Here’s a sentence that I never expected to write – I love Steven’s daily reporting log. Note the singular “log”, not “logs”. Since that liberating meeting last September when we managed to extricate ourselves from those awful arse covering, tick box forms we had to complete for social services, we have just had one A4 book. There is no set format to it; it’s more like a diary than a log, so it allows the support staff to express themselves in their own individual way. And that’s what is so brilliant about it – the log perfectly reflects the unique relationships that Steven has with each of the workers. None of that nonsense like we had with the speach and language therapist who instructed us all to never use more than four words in a sentence with Steven and to stretch each vowel out like a piece of plasticine. It could never work. How do you answer the question: “Dad, what was Take That’s 10th song called?”. Answer – “It was Take That and LoooooooLooooooo singing Relight My Fire, Steve”. It doesn’t fit. And we’re not robots.
The main reason for keeping a log at all is to have a record to produce to the CQC upon inspection. And I would hope that the CQC would find the record interesting and admire the ability of the staff to form meaningful, individual relationships wqith Steven. The staff read the log at the start of their shift but we tend to rely on verbal communication during a handover. I know that I get told the important news by the workers or Steven, so I read the log for entertainment.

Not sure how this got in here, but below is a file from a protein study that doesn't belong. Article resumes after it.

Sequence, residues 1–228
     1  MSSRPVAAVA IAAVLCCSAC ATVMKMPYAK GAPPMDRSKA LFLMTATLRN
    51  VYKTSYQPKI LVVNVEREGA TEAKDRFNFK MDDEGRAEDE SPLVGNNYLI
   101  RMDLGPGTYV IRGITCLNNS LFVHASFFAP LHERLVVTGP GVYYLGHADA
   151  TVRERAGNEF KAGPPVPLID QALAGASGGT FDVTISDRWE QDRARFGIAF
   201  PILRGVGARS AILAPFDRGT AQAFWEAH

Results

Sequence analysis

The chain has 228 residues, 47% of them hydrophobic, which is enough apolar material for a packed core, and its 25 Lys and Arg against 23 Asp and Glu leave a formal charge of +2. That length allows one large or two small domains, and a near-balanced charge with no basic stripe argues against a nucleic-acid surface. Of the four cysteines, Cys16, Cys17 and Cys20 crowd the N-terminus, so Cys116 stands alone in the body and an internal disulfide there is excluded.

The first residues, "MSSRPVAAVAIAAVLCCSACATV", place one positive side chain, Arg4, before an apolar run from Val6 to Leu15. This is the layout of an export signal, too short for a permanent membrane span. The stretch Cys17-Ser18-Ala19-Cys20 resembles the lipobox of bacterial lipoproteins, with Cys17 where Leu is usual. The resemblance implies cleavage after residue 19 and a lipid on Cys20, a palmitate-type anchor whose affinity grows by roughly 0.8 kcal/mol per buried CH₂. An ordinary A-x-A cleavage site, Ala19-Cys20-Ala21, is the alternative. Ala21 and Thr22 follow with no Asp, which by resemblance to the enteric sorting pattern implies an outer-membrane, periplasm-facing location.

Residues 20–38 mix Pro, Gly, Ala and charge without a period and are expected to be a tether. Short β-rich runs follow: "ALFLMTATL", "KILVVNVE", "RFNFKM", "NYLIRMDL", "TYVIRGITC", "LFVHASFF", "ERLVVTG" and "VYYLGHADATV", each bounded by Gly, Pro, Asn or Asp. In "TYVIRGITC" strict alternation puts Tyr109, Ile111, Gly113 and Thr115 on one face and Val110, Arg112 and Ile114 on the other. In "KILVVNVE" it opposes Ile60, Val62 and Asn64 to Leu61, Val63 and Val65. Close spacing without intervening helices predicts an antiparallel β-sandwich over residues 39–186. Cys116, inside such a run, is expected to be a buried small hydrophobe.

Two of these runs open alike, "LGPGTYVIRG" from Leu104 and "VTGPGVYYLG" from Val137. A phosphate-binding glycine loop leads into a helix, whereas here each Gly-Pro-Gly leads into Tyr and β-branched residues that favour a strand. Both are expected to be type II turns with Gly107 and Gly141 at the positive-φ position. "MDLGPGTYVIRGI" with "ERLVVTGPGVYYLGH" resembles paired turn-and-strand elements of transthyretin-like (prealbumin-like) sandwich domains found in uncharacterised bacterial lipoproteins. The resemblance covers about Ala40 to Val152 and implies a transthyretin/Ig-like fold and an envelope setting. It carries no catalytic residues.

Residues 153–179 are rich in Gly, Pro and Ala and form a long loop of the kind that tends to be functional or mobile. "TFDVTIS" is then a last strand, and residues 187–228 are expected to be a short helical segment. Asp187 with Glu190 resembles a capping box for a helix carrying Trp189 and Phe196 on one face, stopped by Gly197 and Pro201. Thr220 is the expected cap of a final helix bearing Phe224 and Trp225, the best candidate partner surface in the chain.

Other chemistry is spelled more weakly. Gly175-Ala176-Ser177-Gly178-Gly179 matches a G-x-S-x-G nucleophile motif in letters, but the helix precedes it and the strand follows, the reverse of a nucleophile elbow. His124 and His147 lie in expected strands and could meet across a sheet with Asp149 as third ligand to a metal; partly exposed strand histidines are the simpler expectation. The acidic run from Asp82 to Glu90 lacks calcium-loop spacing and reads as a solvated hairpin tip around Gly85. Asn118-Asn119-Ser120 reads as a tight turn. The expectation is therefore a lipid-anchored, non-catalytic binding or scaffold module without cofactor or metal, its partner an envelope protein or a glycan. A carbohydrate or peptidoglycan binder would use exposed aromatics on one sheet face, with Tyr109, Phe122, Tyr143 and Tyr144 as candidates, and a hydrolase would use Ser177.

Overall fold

We have five support workers in the team; five very different men, each with their own way of relating. I am very fond of all of them and know that Steven’s life would be less fulfilling if they weren’t around. I’ve shown them this blog post and they know it is written with deep affection. For this post, I’ll call them Gary, Mark, Jason, Howard and Robbie.
Gary is Steven’s longest serving support worker and still carries some of the scars of trying to support Steven during his year at the positive behaviour unit. He still gets anxious about his work being scrutinised unfavourably, even though I think he is great. His entries in the log go into minute detail, almost bordering on the pedantic: “At 7.53am, Steven had a moment of anxiety and thumped the arm of the sofa”. “At 7.57am, he was calmer and ate a pear”. He writes pages and pages and the reader tends to give up halfway through but I love the attention to detail.
Mark has a lot of experience working in care homes and writes formally, focusing almost solely on behaviour: “Steven interacted positively with other service users at the pool”. It’s interesting because this isn’t how he interacts with Steven; they have great laughs together and he’s very chilled but I guess he’s used to that institutionalised way of writing.
Jason is a man of few words and so are his log entries. If you get more than three sentences from him, he’s being verbose. He is the strong silent member of the team who Steven tends to rely on for help with tasks. His logs reflect this: “Changed sheets. Did washing. Cut Steven’s hair”.
Howard is newer and has bonded well with Steven over music. Subsequently all his log entries have a musical reference in them: “Steven enjoyed his time in the steam room where we sang Adam Ant songs”; “We played an M People CD whilst making cheese on toast”.
Robbie is great and writes in rather exagerated, almost theatrical language: “Steven had a delightful time at the Mencap Pool”. “His mood was jolly as he chatted with his friends”. I could read this stuff all day; it’s like our life is chronicled by Enid Blyton.
Aren’t they great. And what we sometimes do is read them back to Steven and he gets dead excited by hearing the narrative of his day. We could never have done that with the old START recording forms.